Of course, FIU is public, not private. But where would this public university get $230 million to replicate the fairgrounds buildings on a new site, plus funds for land and a move, and still have enough left for a huge campus expansion?
Ivy League schools could pull that from endowments or foundations. FIU, on the other hand, took $630,000 from its foundation to campaign for an addition on the fairgrounds. Its political action committee had spent $1,646,172.68 on that campaign through Feb. 28, using donations from many civic leaders, heavily weighted toward companies that could bid to construct campus buildings.
FIU is entitled by law to do that and to hire a large number of familiar firm names to lobby for a change in land lease, as it did..
In the fall, the university won a referendum that allowed it to use land now held by the fair – that is, allowed it if the fair wants to move or can be forced out by pressure. FIU calls that election a mandate for a move, but the fair’s move was not on the ballot.
FIU has far more clout than does the fair. Its graduates are many. It has friends galore, deservedly so.
The university notes correctly that the fair is getting land too cheap. The $122,000 that the fair paid the county last year was half the revenue from subleases with telecommunications companies that use the fairgrounds. The site’s true lease value would be a large multiple of that.
But that’s no cause to oust a tenant. The county simply gave away too much to the fair decades ago, all perfectly legal if not perfectly thought out.
It’s of no value, however, to argue over who made a good or bad deal then. What’s important is solving the problem.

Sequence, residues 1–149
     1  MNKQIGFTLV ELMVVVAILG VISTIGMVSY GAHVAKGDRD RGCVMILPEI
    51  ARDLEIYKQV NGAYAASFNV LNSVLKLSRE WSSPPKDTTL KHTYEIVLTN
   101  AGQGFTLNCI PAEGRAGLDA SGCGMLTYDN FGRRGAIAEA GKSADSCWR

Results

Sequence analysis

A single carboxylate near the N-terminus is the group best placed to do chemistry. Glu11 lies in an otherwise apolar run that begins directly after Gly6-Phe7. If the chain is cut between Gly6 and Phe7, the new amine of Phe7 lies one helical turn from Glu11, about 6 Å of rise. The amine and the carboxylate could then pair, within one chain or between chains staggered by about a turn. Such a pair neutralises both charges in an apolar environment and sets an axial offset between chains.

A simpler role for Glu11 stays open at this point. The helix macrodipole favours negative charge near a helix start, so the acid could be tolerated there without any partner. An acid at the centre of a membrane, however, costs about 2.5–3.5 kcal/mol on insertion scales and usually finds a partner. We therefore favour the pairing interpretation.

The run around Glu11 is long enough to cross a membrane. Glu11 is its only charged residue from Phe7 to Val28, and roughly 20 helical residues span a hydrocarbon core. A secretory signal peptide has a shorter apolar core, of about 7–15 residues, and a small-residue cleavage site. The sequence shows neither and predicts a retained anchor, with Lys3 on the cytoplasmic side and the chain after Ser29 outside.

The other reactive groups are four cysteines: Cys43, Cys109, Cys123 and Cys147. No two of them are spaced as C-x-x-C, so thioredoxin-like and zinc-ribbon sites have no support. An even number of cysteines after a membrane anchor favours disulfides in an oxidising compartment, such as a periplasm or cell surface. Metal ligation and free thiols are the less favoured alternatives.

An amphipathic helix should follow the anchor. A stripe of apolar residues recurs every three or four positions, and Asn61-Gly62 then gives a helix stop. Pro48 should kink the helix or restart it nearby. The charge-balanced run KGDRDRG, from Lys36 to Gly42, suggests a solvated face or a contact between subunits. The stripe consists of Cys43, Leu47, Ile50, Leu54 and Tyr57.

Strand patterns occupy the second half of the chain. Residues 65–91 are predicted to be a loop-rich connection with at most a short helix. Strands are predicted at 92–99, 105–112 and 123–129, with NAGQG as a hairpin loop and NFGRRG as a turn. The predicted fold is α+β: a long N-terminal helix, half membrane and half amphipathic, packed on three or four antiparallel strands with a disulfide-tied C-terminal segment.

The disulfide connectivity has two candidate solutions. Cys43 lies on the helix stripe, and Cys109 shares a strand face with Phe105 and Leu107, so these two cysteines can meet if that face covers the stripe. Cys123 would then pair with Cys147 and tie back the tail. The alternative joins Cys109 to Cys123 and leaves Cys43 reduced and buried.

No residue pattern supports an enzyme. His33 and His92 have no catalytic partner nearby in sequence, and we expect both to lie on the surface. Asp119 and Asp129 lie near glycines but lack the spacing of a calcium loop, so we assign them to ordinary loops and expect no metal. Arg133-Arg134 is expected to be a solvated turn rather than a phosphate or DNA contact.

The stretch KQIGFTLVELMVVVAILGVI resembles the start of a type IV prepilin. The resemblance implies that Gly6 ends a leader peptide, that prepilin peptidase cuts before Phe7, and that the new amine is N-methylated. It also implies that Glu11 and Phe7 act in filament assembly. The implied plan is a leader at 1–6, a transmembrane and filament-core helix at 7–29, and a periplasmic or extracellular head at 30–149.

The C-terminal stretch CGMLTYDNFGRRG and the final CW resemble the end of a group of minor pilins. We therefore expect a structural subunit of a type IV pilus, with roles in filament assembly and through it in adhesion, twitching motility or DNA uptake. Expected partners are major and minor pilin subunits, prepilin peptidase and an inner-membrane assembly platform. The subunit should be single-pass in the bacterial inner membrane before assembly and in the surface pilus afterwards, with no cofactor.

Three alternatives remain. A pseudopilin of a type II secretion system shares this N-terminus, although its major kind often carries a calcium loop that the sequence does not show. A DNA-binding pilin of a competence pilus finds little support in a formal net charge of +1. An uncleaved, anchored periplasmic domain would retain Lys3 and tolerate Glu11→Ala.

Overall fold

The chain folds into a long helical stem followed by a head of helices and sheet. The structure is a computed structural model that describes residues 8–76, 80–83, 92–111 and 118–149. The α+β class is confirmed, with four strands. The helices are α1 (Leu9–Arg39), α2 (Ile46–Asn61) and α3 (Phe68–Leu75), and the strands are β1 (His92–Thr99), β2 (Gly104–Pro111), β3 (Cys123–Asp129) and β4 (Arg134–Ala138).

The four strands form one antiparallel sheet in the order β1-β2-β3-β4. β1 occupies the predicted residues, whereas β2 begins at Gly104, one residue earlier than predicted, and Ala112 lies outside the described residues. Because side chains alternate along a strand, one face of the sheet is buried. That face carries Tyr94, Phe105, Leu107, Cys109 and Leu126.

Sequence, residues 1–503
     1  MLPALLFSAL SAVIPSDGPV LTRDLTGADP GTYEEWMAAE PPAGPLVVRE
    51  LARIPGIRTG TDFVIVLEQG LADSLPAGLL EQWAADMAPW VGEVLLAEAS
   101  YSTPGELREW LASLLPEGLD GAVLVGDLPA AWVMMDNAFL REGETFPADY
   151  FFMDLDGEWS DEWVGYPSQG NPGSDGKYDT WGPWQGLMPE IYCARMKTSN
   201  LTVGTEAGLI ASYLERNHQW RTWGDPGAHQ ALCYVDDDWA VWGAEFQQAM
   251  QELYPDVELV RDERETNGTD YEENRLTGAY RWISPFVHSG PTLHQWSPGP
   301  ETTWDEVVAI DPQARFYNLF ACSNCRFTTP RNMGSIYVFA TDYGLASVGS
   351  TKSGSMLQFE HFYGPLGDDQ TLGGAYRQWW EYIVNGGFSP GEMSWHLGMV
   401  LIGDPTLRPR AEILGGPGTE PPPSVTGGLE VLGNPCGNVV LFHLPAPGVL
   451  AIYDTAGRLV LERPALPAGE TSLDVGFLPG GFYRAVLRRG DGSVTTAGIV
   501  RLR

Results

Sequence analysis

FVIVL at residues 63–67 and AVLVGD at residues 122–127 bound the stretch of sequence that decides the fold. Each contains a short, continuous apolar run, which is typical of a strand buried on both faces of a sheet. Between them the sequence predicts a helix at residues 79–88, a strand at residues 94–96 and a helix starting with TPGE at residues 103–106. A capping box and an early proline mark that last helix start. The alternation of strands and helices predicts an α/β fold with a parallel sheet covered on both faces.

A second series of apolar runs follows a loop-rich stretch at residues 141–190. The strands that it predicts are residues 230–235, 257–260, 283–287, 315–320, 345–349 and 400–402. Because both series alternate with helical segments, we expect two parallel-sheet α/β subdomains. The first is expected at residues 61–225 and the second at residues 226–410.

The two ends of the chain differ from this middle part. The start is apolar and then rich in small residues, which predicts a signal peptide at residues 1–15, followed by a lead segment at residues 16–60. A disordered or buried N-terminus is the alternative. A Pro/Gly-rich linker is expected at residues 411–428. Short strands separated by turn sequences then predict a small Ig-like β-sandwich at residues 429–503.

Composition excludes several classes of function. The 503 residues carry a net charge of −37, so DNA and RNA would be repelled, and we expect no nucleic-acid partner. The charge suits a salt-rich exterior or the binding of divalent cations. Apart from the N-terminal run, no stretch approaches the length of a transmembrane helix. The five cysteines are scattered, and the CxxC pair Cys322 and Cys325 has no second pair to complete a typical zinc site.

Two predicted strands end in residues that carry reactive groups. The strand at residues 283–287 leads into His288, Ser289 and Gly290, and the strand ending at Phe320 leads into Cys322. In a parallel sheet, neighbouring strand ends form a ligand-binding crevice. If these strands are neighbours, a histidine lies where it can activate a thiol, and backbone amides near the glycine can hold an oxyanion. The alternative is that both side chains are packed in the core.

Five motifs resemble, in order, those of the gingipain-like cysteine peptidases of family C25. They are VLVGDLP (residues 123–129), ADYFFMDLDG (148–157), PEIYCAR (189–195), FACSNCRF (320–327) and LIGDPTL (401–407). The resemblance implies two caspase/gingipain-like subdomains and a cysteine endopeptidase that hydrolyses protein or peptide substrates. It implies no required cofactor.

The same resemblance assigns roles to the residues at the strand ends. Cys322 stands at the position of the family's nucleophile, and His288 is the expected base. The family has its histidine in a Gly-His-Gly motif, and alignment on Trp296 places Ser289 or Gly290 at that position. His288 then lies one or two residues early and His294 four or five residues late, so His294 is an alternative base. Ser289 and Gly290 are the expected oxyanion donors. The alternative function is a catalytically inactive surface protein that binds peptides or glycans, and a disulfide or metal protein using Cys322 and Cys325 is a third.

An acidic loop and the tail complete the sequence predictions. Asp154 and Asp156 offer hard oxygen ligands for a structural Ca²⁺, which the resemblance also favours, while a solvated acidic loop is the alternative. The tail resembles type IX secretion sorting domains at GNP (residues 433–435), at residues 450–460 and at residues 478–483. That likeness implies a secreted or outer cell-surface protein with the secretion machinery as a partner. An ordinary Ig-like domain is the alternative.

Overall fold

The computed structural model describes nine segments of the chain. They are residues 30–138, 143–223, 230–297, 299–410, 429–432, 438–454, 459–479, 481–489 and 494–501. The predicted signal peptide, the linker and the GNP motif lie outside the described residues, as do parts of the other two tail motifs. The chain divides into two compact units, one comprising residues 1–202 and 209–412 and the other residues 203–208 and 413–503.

The fair is happy where it is and says it won’t move without the right site and reimbursement.
If FIU wants to expand, maybe it, not the fair, should look elsewhere. Would one of 24 sites offered to the fair work for the university?
Many universities, after all, split campuses among multiple sites. The University of Miami has a hub on Virginia Key. FIU has one at 151st Street and Biscayne, and one on Brickell. Why not more?
Instead of spending hundreds of millions to move the fair, the university would be ahead if it spent the money on its own campus addition at another site, coupling it with whatever funds it had targeted to build on the fairgrounds.
The university has suggested splitting the fair in two locations; why doesn’t FIU consider that?
The university has every right to grow to the limit of its wallet or the generosity of donors and taxpayers. While academic observers say that bigger is not necessarily better and might question the need for so many students, the decision belongs to the university and the state.
This battle is overheated. Names are being called. The two sides could not today sit and discuss the issue. A cooling-off period is vital.
So is a panel to which the county as landholder, the university as would-be land user and the fair as leaseholder would appoint representatives to seek a creative solution. Members would need civil tongues and patience, because we need three parties to acquiesce to make anything work.
We witness a stalemate. If the university insists on moving a leaseholder through pressures, a bad situation will get worse and this community will be the loser.
FIU has far more guns and far more friends, but a powerful state university with a fine track record should not want to appear to be a bully. We can argue all day over who would use the land better, but it’s far more useful to instead seek ways for two outstanding organizations to both win.